So much for the crisis of capitalism. It seems only yesterday that certain sections of the commentariat were falling over themselves to declare that the capitalist system was dead and we were moving into a new epoch. Governments had saved the day and the global economy was about to undergo a radical transformation. Markets would be tamed, post-Bretton Woods liberalisation reforms would be rolled back and the political consensus would shift leftwards.
The recent European elections showed that the electorate is not looking to the left for leadership. Regulatory reforms are underway, though the fading momentum is palpable. And this week we saw that the driving force of capitalism – the profit motive – is alive and well. Credit and equity markets have continued to rally on the back of better than expected earnings reports, both in Europe and the US. Animal spirits are back, and risk aversion is in the ascendancy.
Nowhere is this more evident than in the credit curve. It has been noted in previous reports (Markit Credit Wrap 22/5/09, 19/6/09) that European curves were normalising, i.e. five-year spreads trading tighter than ten-year. Back in May only a small minority of curves (about 30) had “positive shapes”. This rapidly increased to around 100 in June, with the distribution of names spread across sectors (they were previously concentrated in communications and technology).
This trend has accelerated in tandem with the strong rally of the last two weeks. There are now around 190 names trading with positive shape curves, nearly double that of a month ago. Again, most sectors have seen an increase, with the exception of materials. Financials have overtaken communications & technology as the sector with the most positive shape curves. Nearly all of the major banks in Europe have seen their curves normalise, reflecting robust quarterly earnings and favourable industry conditions.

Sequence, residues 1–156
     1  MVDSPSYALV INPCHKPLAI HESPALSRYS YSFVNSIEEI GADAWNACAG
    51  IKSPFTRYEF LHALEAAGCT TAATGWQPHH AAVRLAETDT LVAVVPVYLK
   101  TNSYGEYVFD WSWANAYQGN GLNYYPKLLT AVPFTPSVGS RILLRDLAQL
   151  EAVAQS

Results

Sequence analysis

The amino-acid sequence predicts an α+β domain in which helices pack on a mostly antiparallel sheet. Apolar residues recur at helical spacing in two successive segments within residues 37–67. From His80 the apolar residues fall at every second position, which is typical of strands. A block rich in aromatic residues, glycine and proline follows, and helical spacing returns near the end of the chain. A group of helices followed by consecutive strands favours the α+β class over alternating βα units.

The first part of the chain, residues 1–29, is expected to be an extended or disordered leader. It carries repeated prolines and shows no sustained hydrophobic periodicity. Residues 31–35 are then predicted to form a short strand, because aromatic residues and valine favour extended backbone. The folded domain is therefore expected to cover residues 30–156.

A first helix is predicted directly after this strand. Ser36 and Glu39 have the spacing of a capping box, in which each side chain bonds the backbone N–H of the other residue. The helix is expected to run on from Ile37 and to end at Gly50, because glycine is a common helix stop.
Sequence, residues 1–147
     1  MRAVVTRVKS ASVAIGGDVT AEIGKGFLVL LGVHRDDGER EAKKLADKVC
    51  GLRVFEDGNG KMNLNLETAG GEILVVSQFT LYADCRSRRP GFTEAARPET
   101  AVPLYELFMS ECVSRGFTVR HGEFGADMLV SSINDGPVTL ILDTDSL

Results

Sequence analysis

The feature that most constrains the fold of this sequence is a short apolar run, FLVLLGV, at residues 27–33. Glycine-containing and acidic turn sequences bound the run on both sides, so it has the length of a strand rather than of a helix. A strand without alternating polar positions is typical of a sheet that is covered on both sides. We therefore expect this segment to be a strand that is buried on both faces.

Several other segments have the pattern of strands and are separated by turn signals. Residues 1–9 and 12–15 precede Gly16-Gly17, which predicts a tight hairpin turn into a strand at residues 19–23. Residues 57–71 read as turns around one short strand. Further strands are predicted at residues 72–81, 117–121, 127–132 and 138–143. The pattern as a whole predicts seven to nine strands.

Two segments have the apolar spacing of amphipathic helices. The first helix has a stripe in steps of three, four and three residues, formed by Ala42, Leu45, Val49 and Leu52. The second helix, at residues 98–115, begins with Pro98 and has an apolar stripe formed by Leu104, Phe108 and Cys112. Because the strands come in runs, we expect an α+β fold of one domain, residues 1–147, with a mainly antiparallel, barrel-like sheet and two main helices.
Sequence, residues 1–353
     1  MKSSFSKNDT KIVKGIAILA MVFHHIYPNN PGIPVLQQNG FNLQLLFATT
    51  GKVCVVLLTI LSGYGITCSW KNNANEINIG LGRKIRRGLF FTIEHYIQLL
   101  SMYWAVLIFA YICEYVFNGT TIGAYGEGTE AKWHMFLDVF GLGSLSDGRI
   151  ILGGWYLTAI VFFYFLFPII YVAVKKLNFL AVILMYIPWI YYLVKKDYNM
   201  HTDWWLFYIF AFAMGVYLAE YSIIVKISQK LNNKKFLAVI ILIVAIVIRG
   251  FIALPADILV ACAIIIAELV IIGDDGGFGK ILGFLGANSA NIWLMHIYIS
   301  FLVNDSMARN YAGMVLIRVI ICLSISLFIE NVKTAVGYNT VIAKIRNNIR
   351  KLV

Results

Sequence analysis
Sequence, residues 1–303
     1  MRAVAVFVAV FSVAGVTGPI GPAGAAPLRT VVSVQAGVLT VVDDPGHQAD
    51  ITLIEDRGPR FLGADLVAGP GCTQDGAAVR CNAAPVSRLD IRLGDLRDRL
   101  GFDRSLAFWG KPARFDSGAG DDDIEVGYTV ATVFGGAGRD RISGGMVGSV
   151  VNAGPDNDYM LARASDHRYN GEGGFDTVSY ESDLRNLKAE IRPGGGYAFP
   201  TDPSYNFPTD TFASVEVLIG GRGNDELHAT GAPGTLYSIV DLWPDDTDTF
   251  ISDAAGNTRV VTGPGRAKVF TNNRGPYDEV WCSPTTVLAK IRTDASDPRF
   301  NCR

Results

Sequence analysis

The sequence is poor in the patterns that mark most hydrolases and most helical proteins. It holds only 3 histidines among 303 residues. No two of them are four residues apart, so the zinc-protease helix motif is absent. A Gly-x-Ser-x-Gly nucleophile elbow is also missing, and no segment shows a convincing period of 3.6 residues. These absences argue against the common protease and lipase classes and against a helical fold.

Industrials and consumer cyclicals, two sectors damaged badly in the recession, have see their fortunes improve in recent weeks. The former has been helped by signs that industrial production is stabilising in Europe and North America, though the signals are tentative. Invensys, a British engineering group, provided another reason for optimism today. The company joined the ranks of the “rising stars”, an exclusive group in the current climate. The firm was upgraded to investment grade by S&P, the rating agency citing the firm’s improved credit fundamentals.
The turnaround is reflected in two of the most cyclical sectors – auto and retail. German car makers curves were steeply inverted for most of this year. Now, the likes of Volkswagen, BMW and Daimler are trading with normal curves. Even Fiat, with a junk-rated credit profile, has seen its curve normalise. As have Next and Kingfisher. The two UK retailers saw their credit profiles come under severe pressure in Q4 2008 and the beginning of this year. But the perceived stabilisation in the economy and improved results have pushed spreads in the sector tighter.
Perceived stabilisation? Today’s UK GDP figures, showing a contraction of 0.8% in the second quarter, cast doubt on that view. True, it was an improvement from the abysmal Q1 figures, but it was significantly worse that the consensus estimate. Some had even predicted a return to growth. The negative surprise highlighted the potential stumbling blocks for the current rally. The green shoots were withering some weeks ago and have yet to return in any meaningful way. Another busy earnings schedule next week could produce some nasty results ( Microsoft’s figures today were disappointing). Better than expected headline results from banks obscured worryingly large increases in loan loss provisions. The coming months are likely to hold further pain for the capitalist system.